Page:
I get a lot of e-mail. A lot. I confess I really can't keep up with it. I try my very best to stick to the blogger's Golden Rule: Even if you can't reply to everything, you should read everything. Even this ideal has suffered a little slippage recently, though, and I am resorting to subterfuge. (Mainly, letting my Hotmail e-box fill up for a day or two so it won't accept new postings.) I'm sorry if this sounds mean, but there are only so many hours in the day, and the National Review suits, for reasons I do not understand, are dragging their feet on my longstanding request for a staff of secretaries. Look, I'm doing my best.
I read 95 percent of my e-mail, though, and reply to around 30 percent. Some of these exchanges with readers are, I believe, revealing of something or other — of The Culture, of The Way We Live Now, of NRO's readership, of me — in some small way. I have therefore collected a few here, for your amusement and edification.
All of the following are actual exchanges with readers. I have not made any of them up. (As if I would! All right, I made up one. Just one.)
Mr. Derbyshire — Hello there! I am one of your younger readers in the Hampton Roads area of Virginia. A gentleman came into my Starbucks this evening and I could have sworn it was you. (Thanks to your vacation pics posted today, I knew what you looked like.) Of course, had I thought it through, I would have remembered your sailing stories, etc and realized that you are not visiting my area! Oh well …
[My reply] — Like Saddam Hussein, I deploy a number of body doubles to confuse my enemies. Obviously you encountered one of these. It is quite all right, in these circumstances, to approach the double, shake his hand, and address him loudly by my name. If any person within hearing is a suicide bomber bent on my destruction, you will probably be killed as the assassin detonates his explosive belt; but you will have perished in the cause of truth, reason and justice.
Mr. Derbyshire — I happened to look at the photos you posted on NRO's The Corner of your family trip to Yosemite. I must say that they provided a much needed boost of optimism that nerdy, bookish fellows like myself can, in fact, convince beautiful women to marry them. Thank you very much for the uplift to my sagging spirits …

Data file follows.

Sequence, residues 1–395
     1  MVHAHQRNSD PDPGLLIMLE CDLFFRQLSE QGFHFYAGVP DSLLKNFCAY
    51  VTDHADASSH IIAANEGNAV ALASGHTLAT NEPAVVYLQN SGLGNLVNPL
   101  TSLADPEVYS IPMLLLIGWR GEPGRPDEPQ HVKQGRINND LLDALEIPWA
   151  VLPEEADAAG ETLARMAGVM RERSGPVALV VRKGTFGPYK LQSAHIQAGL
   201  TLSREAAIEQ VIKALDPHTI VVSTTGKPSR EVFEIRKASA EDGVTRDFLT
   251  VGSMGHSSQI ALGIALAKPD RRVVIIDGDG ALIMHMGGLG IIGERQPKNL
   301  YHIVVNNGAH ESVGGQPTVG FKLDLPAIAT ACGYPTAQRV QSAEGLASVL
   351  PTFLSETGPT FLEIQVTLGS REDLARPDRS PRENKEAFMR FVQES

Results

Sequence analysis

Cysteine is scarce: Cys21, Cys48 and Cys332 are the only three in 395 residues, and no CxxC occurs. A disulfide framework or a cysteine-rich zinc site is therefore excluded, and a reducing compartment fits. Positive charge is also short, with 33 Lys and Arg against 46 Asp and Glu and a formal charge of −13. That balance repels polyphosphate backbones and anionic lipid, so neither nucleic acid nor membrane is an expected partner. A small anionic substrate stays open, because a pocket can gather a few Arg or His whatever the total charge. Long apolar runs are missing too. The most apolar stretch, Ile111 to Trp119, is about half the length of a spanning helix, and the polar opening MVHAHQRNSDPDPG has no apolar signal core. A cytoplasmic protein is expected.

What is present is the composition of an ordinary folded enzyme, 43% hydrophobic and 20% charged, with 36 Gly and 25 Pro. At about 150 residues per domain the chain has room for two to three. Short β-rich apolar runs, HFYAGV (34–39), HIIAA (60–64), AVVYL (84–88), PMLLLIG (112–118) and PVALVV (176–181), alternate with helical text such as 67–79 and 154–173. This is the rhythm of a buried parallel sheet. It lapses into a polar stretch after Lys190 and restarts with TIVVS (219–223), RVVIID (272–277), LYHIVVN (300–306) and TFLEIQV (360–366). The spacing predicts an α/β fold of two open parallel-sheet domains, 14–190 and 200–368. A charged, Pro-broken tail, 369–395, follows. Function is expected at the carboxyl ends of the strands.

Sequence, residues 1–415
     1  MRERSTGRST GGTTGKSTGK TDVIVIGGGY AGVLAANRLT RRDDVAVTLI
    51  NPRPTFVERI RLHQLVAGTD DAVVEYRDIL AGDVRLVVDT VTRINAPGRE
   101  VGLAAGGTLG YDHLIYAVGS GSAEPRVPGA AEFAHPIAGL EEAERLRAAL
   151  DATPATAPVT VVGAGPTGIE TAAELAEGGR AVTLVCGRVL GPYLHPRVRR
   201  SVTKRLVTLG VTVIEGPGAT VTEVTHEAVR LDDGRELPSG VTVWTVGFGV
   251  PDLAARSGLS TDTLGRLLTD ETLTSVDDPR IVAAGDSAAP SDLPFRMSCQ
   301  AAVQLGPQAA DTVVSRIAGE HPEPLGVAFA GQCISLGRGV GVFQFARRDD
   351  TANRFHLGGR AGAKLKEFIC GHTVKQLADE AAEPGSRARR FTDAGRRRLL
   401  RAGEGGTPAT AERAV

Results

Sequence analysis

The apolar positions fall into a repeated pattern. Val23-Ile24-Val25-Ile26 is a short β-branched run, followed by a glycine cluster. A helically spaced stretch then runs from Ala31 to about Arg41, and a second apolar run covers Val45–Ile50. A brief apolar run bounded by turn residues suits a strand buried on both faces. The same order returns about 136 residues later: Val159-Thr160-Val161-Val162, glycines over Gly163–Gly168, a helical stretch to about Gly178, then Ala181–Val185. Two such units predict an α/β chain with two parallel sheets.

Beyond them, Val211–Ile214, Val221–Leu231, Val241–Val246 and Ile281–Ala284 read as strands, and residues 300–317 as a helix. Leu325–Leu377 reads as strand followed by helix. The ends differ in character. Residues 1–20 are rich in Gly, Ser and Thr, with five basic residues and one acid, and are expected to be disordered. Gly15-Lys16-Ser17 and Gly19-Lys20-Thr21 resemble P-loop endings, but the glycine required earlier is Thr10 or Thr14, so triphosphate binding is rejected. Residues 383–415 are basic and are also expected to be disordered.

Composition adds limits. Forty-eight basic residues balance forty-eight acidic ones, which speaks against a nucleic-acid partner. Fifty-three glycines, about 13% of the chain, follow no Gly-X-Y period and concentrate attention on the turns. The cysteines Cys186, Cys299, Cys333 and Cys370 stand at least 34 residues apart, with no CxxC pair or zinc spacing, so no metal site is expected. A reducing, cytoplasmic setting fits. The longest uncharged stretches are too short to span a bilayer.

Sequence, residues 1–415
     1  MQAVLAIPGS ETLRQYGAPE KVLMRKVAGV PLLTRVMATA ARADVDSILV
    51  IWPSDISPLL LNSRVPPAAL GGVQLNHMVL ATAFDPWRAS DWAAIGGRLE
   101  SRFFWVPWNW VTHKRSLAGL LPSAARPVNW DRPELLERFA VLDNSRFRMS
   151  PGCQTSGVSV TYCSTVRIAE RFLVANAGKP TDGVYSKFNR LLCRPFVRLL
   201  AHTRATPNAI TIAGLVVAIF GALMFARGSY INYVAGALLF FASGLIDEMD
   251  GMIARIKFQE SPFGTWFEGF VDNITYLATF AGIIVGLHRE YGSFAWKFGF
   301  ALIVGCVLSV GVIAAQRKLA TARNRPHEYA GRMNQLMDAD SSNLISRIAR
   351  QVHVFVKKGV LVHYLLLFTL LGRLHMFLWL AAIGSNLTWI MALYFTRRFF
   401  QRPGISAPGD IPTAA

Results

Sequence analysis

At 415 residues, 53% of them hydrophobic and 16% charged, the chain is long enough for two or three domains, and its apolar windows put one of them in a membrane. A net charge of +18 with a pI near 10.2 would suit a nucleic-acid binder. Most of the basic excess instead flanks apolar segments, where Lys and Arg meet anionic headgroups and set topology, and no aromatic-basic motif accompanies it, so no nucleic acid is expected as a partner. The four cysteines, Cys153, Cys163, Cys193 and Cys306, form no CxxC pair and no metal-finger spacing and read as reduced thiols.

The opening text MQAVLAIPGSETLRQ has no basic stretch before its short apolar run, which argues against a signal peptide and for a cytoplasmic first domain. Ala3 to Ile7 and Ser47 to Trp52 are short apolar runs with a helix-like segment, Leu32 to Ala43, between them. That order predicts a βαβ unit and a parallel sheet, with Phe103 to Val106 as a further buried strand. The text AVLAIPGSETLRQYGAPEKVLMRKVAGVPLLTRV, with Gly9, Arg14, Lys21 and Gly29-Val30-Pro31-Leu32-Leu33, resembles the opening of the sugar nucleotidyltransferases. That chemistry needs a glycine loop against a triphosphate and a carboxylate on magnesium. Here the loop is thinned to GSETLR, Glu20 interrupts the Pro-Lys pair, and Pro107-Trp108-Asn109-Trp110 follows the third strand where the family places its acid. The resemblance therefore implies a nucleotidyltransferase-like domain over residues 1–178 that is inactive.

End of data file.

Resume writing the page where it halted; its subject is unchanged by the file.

[My reply] — You are welcome, Sir. Quite a lot of women like nerdy, bookish guys, so long as we can (a) earn money, (b) make them laugh.
Mr. Derbyshire — I know you're busy, so I won't be (terribly) disappointed if I don't hear from you, but I (out of curiousity) worked out the total number of kcalories grown in the U.S. (in 2002) and found that we grow about 80 times as many calories (in whatever form) as we need to feed the U.S.-about five times more than the whole world needs. My table is here. Maybe this result isn't as interesting as I think it is, but I find it absolutely amazing that our agricultural system is so inefficient. Or maybe I'm missing something.
[My reply] — This is the kind of fact that, even if true, I think should be kept secret. Take a look at the people around you in your neighborhood shopping mall. You want them to know that more calories could easily be made available to them?
[After I posted this picture of "day laborers" (that is, illegal immigrants) at a hiring site near my home.]
Mr. Derbyshire — Re. the photo of the workers, are they really behaving any differently from a lot of Americans?
[My reply] — Right. The kind of Americans we already have enough of.
Mr. Derbyshire — Received yesterday my "I don't see how you can ever have enough nukes" T-shirt ordered through the NRO Store.